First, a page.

In this tab, you can set options for the following:
- Immediately block fake Google crawlers
- Specify how you treat real Google crawlers
- Block or throttle people who are requesting your site too frequently
- Block or throttle crawlers whose page views exceed a certain number
- Block or throttle crawlers whose not found (404) pages exceed a certain number
- Block or throttle a human’s page views if they exceed a certain number
- Block or throttle a human’s page views if their pages not found (404) exceed a certain number
- Block or throttle 404s for known vulnerable URLs exceed a certain number
- Specify how long an IP address is blocked when it breaks a rule
All items in the Brute Force Protection and Rate Limiting tabs can also be configured in the Options area of Wordfence’s settings.
Tom Dupuis of Online Media Masters has recommended settings for Rate Limiting Rules, which will improve the performance of your site and prevent it from using too many of your web server’s resources. Check out his optimized settings for Wordfence and many other items that will improve your site performance here.
Please note: If you optimize Rate Limiting and Advanced Blocking, it can interfere with automated backups, including those scheduled with the BackWPup plugin. I use the optimized settings, and just turn them off to run manual backups. Then I turn them back on once the backup is completed.
Here, you can manually block IP addresses, and review who has been blocked, locked out or throttled for breaking various firewall rules.
In the Blocked tab, you will see all blocked IPs, including those blocked from accessing the site, locked out from login, as well as those throttled for accessing the site too frequently.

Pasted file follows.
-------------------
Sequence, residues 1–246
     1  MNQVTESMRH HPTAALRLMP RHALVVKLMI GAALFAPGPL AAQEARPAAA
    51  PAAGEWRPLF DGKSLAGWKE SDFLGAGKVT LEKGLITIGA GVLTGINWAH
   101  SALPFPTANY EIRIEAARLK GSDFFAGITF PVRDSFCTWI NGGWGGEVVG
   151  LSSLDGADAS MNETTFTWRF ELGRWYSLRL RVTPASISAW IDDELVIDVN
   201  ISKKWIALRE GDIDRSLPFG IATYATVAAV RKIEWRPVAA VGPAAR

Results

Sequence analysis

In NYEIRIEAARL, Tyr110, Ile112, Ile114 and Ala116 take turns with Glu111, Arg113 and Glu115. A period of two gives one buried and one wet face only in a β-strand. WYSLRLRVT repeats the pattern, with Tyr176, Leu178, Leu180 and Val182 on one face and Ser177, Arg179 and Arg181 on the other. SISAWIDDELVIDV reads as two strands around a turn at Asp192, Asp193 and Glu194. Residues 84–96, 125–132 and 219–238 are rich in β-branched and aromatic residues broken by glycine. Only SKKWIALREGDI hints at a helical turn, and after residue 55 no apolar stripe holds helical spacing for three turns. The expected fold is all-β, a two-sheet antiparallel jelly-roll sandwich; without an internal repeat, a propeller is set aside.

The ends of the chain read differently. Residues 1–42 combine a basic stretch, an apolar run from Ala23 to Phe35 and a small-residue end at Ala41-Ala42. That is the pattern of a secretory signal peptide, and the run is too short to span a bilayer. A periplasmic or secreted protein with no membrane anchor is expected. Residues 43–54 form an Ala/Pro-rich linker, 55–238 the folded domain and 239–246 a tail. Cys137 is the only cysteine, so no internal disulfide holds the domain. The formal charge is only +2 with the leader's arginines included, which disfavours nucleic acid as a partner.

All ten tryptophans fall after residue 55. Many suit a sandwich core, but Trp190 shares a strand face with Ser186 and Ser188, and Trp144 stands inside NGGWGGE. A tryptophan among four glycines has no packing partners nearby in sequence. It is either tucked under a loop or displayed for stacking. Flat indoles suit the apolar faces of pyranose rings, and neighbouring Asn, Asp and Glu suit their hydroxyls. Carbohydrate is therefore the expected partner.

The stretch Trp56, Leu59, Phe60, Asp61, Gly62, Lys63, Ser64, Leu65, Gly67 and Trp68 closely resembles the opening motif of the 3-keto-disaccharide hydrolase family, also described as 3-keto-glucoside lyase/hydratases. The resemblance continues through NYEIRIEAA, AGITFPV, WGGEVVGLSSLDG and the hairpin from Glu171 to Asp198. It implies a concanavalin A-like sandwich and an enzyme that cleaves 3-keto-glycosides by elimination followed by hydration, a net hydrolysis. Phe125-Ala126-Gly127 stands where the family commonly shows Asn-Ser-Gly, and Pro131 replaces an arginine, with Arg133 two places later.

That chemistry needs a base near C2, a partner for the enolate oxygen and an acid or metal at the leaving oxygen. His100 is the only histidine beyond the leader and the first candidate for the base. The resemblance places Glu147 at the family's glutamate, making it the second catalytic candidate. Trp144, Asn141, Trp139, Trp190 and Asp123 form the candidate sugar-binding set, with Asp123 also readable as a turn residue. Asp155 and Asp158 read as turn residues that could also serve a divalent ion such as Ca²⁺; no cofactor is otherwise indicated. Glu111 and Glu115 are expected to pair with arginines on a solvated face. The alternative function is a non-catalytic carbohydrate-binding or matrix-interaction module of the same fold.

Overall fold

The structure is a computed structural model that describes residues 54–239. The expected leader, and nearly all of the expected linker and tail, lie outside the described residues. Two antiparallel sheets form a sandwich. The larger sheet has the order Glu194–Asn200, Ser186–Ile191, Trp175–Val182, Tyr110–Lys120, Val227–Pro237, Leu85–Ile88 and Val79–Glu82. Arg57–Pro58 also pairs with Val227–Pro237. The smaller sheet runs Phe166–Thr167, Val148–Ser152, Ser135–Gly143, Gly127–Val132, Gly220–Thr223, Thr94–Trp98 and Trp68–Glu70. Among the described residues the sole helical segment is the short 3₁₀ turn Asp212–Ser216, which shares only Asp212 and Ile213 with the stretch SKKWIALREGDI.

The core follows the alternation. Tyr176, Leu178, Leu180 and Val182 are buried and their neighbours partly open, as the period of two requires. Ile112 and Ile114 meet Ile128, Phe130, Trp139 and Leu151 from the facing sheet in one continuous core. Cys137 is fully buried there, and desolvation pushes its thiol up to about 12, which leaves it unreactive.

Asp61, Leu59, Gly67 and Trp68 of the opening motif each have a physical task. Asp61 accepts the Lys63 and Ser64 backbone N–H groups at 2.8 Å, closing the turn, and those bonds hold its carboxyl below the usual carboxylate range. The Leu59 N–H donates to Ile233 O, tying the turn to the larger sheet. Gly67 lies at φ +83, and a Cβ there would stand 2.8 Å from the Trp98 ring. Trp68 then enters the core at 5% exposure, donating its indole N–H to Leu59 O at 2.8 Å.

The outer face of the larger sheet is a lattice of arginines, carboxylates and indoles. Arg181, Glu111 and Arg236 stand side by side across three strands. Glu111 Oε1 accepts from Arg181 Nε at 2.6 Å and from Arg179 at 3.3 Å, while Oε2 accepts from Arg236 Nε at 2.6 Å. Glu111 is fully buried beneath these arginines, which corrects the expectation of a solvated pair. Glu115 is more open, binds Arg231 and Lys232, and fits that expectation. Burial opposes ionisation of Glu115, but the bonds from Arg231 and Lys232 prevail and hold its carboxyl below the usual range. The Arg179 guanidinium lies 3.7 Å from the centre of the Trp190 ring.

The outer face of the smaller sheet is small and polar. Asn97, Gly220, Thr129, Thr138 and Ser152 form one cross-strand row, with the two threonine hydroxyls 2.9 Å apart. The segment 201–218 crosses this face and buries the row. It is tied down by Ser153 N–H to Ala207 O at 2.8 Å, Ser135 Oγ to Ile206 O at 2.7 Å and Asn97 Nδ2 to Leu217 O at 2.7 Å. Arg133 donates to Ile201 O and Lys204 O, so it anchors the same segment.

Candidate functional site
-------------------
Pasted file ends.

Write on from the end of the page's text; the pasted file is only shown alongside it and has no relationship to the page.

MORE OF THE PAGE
You will see the following info about blocked IPs:
- IP Address
- The reason the IP was blocked
- The amount of hits before the IP was blocked
- The amount of hits after the IP was blocked
- The amount of time remaining before the IP is unblocked
You can also easily clear all blocked and locked out IP addresses at the top of the tab if need be.
This feature is only available in the premium Wordfence plugin. It lets you block attacks and malicious activity originating in a specific country.
In addition, it gives you the following options:
- What to do when Wordfence blocks someone. You can either display the standard Wordfence blocked message or redirect to a specific URL (where you can show a custom message).
- Block countries even if they’re logged into your site.
- Hide access to the login form.
- Block access to the rest of your website’s pages.
If you’d like to allow certain users to access your site from countries on your blocked list, you can set up a bypass redirect.
Create a URL that you can direct users to. When they reach that URL, they will be redirected to a different page with a cookie to bypass all country blocking.
You can also set up a bypass cookie. This way, when a user who is allowed to access your site visits a particular URL, a cookie will be set. It will then bypass country blocking in case he/she reaches your site from a blocked country.
Select which countries to block
At the bottom of the tab, you can easily select countries you’d like to block.
In this area, you can set up additional blocking options, including:
- Blocking a whole range of IP addresses (e.g. 192.168.200.200 – 192.168.200.220)
- Blocking by hostname – Use this setting to make a DNS query for each unique IP address. Sites with a lot of traffic may not want to use this feature, as it can add considerable load to your web server.
- Blocking by user-agent (or browser) that matches a particular pattern. Examples could include *badRobot*, AnotherBadRobot*, *otherBrowserSuffix.
- Block visits based on a specific referrer website (e.g. *spammysite*, junktraffic*, anotherSiteSuffix, etc.). You can also enter a reason why you’re blocking a certain visitor pattern (this is only for your record keeping).
Below these options, you’ll see a current list of ranges and patterns that have already been blocked.
Wordfence displays a super useful log of every request made to your site, which you can see by visiting Wordfence > Live Traffic.
Here, you can see a full list of IPs requesting various pages and files on your website, and can block individual IPs and even entire networks.
Wordfence also uses a color-coded system to display the type of traffic listed – human, bot, warning, blocked.
You can Filter Traffic with the following dropdowns:
- All Hits
- Registered Users
- Google Crawlers
- Pages Not Found
- Logins and Logouts
- Locked Out
- Blocked by Firewall